Fast forward 37 years. Danzas suffered great material and personnel losses during World War II, but its base in neutral Switzerland remained intact, allowing the company to make a speedy postwar recovery. Fritz Hatt took over as chairman in 1948 and under his leadership the network of branches was expanded in Switzerland, France, Germany, and Italy. The company's name was changed to Danzas AG in 1960. New branches were established in Greece, Spain, and Portugal and representative offices were set up in Latin America and New York and other commercial centers. International expansion continued throughout the 1980s and by 1989 Danzas had established representative offices in 36 countries and 41 U.S states.

In 1990, The European Community ended national restrictions that had prohibited trucks based in one country from carrying goods within the borders of another member state. The move, along with the opening of East European borders and markets, transformed the goods transportation industry. But the end of customs barriers throughout the European Community in 1993 resulted in a sales drop of 35 percent for Danzas. At the end of 1998, Danzas allowed itself to be acquired by Deutsche Post AG, which paved the way for further acquisitions.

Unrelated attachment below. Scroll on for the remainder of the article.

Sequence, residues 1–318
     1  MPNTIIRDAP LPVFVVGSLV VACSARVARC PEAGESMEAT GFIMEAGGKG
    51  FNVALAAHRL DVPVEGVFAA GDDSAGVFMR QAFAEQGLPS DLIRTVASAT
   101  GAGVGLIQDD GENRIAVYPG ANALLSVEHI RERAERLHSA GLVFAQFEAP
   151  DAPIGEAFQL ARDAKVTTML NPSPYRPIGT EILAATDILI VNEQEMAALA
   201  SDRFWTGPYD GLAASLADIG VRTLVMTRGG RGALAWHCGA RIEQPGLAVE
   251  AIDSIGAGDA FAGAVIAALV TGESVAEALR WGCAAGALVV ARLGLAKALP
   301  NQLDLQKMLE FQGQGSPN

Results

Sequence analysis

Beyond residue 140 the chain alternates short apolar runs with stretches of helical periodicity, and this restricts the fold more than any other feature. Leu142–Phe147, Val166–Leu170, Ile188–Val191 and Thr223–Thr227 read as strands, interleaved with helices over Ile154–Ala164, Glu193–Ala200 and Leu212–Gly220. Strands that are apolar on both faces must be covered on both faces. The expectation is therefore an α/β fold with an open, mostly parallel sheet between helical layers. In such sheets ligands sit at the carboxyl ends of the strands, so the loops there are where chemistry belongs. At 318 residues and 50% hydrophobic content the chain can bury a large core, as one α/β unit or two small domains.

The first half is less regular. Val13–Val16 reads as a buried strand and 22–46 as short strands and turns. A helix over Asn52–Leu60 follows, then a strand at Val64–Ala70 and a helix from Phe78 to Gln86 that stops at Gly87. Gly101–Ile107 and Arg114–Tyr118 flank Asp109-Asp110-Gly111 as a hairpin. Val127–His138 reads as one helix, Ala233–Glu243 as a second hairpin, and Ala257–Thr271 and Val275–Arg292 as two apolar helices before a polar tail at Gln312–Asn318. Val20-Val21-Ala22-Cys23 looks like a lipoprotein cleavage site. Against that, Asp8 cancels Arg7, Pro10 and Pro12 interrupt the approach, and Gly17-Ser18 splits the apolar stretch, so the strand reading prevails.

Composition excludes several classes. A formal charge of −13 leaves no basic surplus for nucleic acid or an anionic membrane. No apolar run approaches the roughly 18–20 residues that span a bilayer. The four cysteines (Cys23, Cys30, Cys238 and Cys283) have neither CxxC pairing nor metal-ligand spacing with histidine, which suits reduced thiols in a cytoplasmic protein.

Major acquisitions

In 1999, Danzas acquired Sweden's ASG AB and then Netherland's Nedlloyd's European Transport and Distribution (ETD) unit. At the end of 1999, the company acquired Air Express International, the leading freight forwarder in the United States. These three purchases helped to triple the company's sales, turning Danzas into an international giant with European leadership in overland cargo and worldwide leadership in air cargo transport. All of the company's new operations were now united under the Danzas name.

When Deutsche Post acquired DHL International in 2002, it fully integrated Danzas, DHL, and EuroExpress under the DHL brand. In 2005, Deutsche Post dropped the Danzas brand and renamed the business unit DHL Global Forwarding, Freight. In 2006, it combined parts of Danzas and other ground-based freight subsidiaries in its new DHL Freight division.

Today DHL Global Forwarding Freight is the number one in air freight, the number two in ocean freight and the leading European road freight provider. It is present in over 150 countries and territories and employs some 42,000 people around the world. A lot has happened in 200 years and the story continues today.